5th Spotlight?

PatroklosPatroklos Posts: 502
edited December 1969 in New Users

It never seems to light anything.

Why is that?

Thanks

Comments

  • JaderailJaderail Posts: 0
    edited December 1969

    The OpenGL viewport will only Support 8 lights at a time. All lights will render when a Full 3Delight render is done.

  • PatroklosPatroklos Posts: 502
    edited December 1969

    Hello,

    that means that when I am building a scene I will only see the first 8 lights I put in the scene?

    Is there a way to increase this number?

  • JaderailJaderail Posts: 0
    edited December 1969

    Nope, but you can look through a light and SEE what it is pointing at. It's in the Same Drop down as the Perspective view and Cameras.

  • Richard HaseltineRichard Haseltine Posts: 63,000
    edited December 1969

    Strictly, the first seven lights as one is reserved for the default "headlamp". Only a better video card would offer more preview lights, and even the best doesn't go above 16 as far as I know.

  • PatroklosPatroklos Posts: 502
    edited December 1969

    Thanks guys.

    Do you know which cards offer more lights, or where I can get such info?

  • JaderailJaderail Posts: 0
    edited December 1969

    You got me. I didn't even know 8 was not the top possible.

  • Scott LivingstonScott Livingston Posts: 4,298
    edited December 1969

    If you go to Help>Troubleshooting>About Your Video Card it will tell you how many lights are supported. Mine, a GeForce GT 640, only supports 8 (including the headlamp, I guess). Don't know which ones will go higher, though.

  • NovicaNovica Posts: 21,984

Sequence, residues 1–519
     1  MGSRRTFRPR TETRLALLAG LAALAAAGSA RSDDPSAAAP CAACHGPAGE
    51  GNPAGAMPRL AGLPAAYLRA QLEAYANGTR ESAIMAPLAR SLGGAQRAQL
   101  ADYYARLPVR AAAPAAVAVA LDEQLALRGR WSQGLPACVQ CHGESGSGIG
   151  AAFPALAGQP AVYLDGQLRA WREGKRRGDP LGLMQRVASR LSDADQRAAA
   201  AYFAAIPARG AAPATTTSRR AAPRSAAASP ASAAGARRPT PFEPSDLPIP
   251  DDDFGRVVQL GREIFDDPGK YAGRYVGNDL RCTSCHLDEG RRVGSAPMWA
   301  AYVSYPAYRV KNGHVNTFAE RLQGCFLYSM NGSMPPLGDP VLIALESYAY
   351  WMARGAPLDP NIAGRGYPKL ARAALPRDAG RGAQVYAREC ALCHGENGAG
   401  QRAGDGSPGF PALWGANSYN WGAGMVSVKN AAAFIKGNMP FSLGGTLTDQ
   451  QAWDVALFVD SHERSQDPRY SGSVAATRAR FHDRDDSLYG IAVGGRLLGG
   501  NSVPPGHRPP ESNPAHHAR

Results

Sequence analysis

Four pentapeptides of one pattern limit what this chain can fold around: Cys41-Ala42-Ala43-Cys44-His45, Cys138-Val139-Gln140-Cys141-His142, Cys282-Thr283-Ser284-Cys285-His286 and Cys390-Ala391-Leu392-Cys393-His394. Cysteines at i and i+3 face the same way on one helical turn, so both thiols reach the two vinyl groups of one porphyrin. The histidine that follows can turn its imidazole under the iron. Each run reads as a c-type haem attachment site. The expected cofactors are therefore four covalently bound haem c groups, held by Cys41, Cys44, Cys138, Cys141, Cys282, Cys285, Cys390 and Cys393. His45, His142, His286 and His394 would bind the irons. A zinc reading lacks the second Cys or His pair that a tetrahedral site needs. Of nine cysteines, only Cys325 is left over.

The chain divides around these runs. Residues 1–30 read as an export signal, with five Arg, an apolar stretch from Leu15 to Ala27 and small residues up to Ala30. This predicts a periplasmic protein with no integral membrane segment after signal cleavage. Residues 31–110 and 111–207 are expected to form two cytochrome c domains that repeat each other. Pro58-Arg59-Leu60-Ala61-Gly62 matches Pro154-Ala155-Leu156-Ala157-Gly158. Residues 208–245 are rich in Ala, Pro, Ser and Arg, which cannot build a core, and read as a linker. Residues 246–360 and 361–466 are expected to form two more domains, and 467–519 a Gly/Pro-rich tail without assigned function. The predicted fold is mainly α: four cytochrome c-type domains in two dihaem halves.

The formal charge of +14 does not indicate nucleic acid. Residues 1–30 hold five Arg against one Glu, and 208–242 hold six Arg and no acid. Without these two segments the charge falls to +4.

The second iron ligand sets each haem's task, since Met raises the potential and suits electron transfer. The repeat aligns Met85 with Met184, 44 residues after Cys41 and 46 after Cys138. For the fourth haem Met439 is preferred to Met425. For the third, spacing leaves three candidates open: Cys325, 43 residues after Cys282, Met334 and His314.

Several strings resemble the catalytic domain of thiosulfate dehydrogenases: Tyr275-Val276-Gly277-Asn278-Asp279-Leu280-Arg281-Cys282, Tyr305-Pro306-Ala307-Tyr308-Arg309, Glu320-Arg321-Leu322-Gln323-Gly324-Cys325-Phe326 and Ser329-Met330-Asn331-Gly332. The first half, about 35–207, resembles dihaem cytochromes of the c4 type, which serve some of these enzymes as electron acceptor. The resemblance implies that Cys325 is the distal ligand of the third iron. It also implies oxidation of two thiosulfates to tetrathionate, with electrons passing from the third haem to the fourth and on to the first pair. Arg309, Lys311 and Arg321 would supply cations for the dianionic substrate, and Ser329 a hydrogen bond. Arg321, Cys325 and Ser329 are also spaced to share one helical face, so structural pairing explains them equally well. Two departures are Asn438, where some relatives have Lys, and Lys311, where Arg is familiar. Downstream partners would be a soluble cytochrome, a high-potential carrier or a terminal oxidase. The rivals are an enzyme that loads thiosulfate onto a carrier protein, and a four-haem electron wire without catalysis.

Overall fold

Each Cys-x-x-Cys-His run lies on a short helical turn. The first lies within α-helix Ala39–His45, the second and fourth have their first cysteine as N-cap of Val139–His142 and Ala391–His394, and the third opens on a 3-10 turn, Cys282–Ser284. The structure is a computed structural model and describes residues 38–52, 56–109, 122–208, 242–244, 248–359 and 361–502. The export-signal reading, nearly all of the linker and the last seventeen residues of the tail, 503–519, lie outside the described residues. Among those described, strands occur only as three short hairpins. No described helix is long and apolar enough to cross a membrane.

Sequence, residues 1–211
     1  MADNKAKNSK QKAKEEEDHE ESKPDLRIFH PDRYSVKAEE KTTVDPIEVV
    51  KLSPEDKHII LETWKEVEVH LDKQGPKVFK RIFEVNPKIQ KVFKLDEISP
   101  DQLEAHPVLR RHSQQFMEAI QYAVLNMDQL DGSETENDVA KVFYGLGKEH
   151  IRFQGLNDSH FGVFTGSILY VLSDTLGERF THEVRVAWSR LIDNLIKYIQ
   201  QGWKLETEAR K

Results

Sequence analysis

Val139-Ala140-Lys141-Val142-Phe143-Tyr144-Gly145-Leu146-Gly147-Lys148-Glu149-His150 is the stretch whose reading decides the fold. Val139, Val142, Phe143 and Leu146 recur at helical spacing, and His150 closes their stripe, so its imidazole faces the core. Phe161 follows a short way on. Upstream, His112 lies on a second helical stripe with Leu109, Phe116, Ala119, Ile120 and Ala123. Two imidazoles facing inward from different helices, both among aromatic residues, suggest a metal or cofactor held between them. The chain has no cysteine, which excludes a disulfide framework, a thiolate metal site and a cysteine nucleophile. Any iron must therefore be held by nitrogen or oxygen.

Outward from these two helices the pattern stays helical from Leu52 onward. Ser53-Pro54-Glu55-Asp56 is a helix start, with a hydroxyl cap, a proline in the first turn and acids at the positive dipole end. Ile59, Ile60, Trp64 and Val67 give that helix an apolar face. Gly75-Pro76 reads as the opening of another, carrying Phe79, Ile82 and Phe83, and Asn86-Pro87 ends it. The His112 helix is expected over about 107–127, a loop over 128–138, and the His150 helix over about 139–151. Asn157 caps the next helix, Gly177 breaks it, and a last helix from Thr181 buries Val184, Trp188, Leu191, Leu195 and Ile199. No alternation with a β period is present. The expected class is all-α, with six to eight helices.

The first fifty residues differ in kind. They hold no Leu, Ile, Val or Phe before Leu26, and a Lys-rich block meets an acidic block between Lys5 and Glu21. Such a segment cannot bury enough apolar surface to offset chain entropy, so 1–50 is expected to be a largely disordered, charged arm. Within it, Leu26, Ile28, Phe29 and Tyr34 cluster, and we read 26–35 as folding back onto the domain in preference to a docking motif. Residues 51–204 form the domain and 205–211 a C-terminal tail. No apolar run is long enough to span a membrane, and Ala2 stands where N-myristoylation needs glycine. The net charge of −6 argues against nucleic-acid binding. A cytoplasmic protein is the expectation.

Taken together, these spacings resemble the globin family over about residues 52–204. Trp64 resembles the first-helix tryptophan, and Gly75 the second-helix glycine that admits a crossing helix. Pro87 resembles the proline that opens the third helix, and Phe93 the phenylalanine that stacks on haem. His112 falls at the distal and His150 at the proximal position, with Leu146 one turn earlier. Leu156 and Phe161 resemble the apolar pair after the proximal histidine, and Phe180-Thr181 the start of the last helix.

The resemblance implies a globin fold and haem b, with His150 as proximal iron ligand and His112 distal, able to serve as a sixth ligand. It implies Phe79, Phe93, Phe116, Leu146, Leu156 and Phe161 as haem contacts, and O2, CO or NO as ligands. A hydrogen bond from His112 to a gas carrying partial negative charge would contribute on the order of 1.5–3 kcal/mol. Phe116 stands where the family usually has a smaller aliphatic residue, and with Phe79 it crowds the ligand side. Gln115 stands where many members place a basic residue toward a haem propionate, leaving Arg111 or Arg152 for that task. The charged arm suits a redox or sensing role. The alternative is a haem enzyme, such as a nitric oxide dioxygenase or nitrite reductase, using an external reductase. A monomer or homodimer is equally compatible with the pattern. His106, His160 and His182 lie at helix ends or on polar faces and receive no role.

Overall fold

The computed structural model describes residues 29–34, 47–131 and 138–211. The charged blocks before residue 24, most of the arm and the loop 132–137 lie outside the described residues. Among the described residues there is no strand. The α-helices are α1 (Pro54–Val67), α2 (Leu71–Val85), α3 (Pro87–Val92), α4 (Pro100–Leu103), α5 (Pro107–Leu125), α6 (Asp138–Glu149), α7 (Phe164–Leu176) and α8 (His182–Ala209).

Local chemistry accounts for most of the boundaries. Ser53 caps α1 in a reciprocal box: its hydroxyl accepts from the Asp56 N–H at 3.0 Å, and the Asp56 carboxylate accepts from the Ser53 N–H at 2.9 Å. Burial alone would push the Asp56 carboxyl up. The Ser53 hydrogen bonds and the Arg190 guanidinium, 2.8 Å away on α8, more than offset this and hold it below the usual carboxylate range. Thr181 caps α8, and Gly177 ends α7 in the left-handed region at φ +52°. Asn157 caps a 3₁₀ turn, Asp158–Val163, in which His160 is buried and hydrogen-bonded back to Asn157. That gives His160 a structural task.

edited April 2013

    Yippee, mine is 16. But what the heck is a pixel buffer size? Mine says not enabled. Should I be an enabler?
    EDIT- this my Samsung laptop. It's an older one, too, so I was suprised. Not OLD, about when Windows 7 came out a few years ago. Go Samsung! Now I'm curious as to what's on my Dell.


    Current OpenGL Version:
    2.1.0 - Build 8.15.10.2202

    OpenGL Provider:
    Intel

    Hardware:
    Intel(R) HD Graphics

    Features:

    MultiTexturing
    Supported

    Shadow Map
    Supported

    Hardware Antialiasing
    Supported

    OpenGL Shading Language
    Supported

    Pixel Buffer
    Supported

    Pixel Buffer Size
    Not Enabled

    Maximum Number of Lights
    16

    Number of Texture Units
    8

    Maximum Texture Size
    4096 x 4096

    Post edited by Novica on
  • NovicaNovica Posts: 21,984
    edited December 1969

    And is 8 high or low for number of texture units? (and what does THAT mean?)

  • Scott LivingstonScott Livingston Posts: 4,298
    edited December 1969

    Novica said:
    And is 8 high or low for number of texture units? (and what does THAT mean?)

    Don't know what it means... But mine is 4, so I'd say yours is probably on the high side. Interesting...integrated graphics cards are usually not recommended, but I guess they have some advantages too...or at least the variety you have. :) (The reason they aren't recommended is that they share the computer's memory, whereas dedicated graphics cards have their own memory)
  • Richard HaseltineRichard Haseltine Posts: 63,000
    edited December 1969

    Aside from OpenGL version and the maximum image size your card has better numbers than mine - though how much that means is open to question.